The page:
A Classic voyage around North Spitsbergen with the option to Kayak, Scuba Dive or Snowshoeing (additional cost)
Kayaking $350 pp
In general we plan to at least offer 4 kayaking days. Basic kayaking experience is required and physical fitness is essential. Parallel to all other activities we are planning on offering kayaking excursions during morning and / or afternoon landings. The final decision on those excursions will be met by the Expedition Leader. Oceanwide will provide kayaks and neoprene wet suits. Kayakers will bring their own personal gear. Kayaking is subject to weather and prevailing ice conditions. For more details please refer to the activity manual.
Scuba diving $420 pp
Divers must be advanced and experienced in dry suit and cold water diving. We hope for 1-2 different dives per day parallel to all other activities. Diving depends on local ice and weather conditions. Dive masters and dive guides are responsible for safety during operation. Basic equipment is onboard (scuba tanks, compressors, weights and diving essentials. Divers bring their personal gear. For more details please refer to the activity manual.
Especially on early departures at the beginning of the season there are still snow covered hills and mountains further inland. During voyages to the Antarctic we are planning on offering hiking excursions with snowshoes. Snowshoe walking is easy and does not require any technical skills. With the use of snowshoes it is easier and safer to walk on snow surfaces. Snowshoes will be provided to everyone on board. Those will fit all boot sizes and can be used in combination with Oceanwide’s rubber boots. Snowshoe hiking is free of charge, more details can be found in the activity manual and the day by day programs.
North Spitsbergen Kayaking and Diving Option itinerary:
Arrive in Longyearbyen, the administrative capital of the Spitsbergen archipelago of which West Spitsbergen is the largest island. Before embarking there is an opportunity to stroll around this former mining town, whose parish church and Polar Museum are well worth visiting, while in the surrounding area of Longyearbyen, more than 100 species of plants have been recorded. In the early evening the ship will sail out of Isfjorden.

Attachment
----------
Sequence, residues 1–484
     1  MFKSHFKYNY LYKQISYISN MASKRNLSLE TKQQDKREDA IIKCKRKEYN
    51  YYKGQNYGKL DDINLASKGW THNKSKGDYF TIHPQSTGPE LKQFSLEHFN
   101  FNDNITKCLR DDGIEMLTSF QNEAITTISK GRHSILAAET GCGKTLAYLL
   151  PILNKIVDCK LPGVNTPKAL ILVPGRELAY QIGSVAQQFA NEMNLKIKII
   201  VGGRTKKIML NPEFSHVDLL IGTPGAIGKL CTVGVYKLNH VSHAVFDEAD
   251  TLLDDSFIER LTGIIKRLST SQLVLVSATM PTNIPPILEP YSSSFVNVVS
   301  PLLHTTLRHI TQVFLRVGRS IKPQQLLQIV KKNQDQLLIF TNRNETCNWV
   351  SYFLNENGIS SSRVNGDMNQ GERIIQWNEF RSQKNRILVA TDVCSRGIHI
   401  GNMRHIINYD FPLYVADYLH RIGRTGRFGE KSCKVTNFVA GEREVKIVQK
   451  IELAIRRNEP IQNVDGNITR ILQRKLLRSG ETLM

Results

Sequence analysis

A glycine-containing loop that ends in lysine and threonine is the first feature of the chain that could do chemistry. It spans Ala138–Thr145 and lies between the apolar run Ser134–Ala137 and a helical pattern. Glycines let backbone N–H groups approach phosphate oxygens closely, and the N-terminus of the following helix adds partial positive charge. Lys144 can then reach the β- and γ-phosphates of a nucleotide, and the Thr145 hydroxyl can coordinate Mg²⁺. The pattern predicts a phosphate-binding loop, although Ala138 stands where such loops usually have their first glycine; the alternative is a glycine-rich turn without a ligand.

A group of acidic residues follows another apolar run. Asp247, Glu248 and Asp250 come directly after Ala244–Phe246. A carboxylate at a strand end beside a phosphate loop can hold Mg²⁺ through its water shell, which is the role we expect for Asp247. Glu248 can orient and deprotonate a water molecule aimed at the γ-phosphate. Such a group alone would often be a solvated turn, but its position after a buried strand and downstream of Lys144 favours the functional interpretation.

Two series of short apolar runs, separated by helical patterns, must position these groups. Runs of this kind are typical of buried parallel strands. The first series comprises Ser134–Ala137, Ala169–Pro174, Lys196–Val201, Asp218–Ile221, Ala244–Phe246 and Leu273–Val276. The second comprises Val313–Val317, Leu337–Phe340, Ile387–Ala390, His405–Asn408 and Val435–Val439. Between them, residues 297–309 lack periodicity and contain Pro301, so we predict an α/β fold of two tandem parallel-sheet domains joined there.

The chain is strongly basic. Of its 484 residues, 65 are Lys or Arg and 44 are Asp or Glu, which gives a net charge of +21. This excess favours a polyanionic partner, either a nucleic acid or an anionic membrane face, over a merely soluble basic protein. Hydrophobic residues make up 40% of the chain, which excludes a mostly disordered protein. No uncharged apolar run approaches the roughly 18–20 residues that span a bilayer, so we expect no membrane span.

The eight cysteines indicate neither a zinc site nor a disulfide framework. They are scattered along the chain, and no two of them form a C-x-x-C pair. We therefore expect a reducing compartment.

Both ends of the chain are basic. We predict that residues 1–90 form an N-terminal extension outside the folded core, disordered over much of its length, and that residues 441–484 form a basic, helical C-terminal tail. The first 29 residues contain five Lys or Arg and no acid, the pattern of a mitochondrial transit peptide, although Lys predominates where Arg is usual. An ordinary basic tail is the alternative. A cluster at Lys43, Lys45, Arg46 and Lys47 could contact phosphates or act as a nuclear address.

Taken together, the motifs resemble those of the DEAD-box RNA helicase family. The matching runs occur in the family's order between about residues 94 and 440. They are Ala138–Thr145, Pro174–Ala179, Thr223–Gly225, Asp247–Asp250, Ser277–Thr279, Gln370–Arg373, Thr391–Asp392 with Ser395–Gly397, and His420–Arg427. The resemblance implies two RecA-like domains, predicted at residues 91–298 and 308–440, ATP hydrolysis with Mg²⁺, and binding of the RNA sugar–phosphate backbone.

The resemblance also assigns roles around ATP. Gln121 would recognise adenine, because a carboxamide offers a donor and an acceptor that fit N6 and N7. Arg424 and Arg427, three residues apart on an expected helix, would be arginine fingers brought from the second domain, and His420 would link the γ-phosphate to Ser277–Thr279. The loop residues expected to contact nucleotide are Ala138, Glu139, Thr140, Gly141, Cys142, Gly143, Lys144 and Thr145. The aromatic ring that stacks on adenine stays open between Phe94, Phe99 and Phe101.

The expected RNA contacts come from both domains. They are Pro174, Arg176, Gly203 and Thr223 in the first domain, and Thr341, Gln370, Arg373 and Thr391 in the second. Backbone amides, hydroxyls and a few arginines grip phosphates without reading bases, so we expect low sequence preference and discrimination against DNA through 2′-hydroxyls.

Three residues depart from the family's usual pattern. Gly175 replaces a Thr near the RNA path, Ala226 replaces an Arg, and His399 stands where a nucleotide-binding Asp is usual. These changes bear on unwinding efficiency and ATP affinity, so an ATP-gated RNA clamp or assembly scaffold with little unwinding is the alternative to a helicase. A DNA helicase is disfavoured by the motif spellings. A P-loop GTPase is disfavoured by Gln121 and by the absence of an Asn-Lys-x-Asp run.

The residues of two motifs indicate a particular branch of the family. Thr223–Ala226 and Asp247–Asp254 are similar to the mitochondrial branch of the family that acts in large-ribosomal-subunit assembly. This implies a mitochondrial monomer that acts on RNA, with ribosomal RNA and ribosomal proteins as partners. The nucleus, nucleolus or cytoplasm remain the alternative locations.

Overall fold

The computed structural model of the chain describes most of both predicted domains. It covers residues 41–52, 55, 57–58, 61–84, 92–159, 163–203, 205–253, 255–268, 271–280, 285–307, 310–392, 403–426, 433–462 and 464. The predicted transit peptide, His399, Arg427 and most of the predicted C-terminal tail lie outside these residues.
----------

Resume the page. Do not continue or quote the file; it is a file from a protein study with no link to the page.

Heading north along the west coast, we arrive by morning in Krossfjorden, where we get on the Zodiacs for an exhilarating cruise along the sculpted front of the 14th of July Glacier. On the surprisingly fertile slopes near the glacier, a colourful variety of flowers bloom, while large numbers of Kittiwakes and Brünnich’s Guillemots nest on the nearby cliffs. There is also a good chance of spotting opportunistic Arctic Foxes, patrolling the base of the cliffs in case a hapless chick falls from its nest, and Bearded Seals, who cruise this scenic fjord. In the afternoon we sail to Ny Ålesund, the world’s most northerly settlement.
Once a mining village - served by the world’s most northerly railway, which can still be seen - Ny Ålesund is now a research centre. Close to the village is a breeding ground for Barnacle Geese, Pink-footed Geese and Arctic Terns. Visitors interested in the history of Arctic exploration will want to walk to the anchoring mast used by Amundsen and Nobile in the airship Norge in 1926 and Nobile in the airship Italia in 1928 before their flights to the North Pole.
Depending on the weather we may now sail to the mouth of Liefdefjorden and go ashore for a walk on the tundra island of Andøya. Many Common Eiders and Pink-footed Geese nest here, and the rarer King Eider may also be seen. We hope to sail into Liefdefjorden, cruising near the 5km long face of the impressive Monaco Glacier. The waters of the glacier front are a favourite feeding spot for thousands of Kittiwakes and on previous voyages Polar Bears have been seen on the glacier, providing wonderful opportunities for photography.
Today we will sail into Hinlopen Strait, home to Bearded Seals, Ringed Seals, Polar Bears, and Ivory Gulls. We’ll navigate the ice floes of Lomfjordshalvøya in our zodiacs and explore the bird cliffs of Alkefjellet with thousands of Brünnich’s guillemots. On the east side of Hinlopenstrait, we’ll attempt a landing at Palanderbukta on Nordaustlandet, home to Reindeer, Pink-footed Geese, breeding Ivory Gulls, and Walruses.
Today we will reach our northernmost point at Phippsøya, in the Seven Islands north of Nordaustlandet. Here we will be at 81 degrees north, just 540 miles from the geographic North Pole. Polar Bears inhabit this region, along with Ivory Gulls. We may sit for several hours in the pack ice, taking in our spectacular surroundings and seeing a Ross Gull, before we turn south again.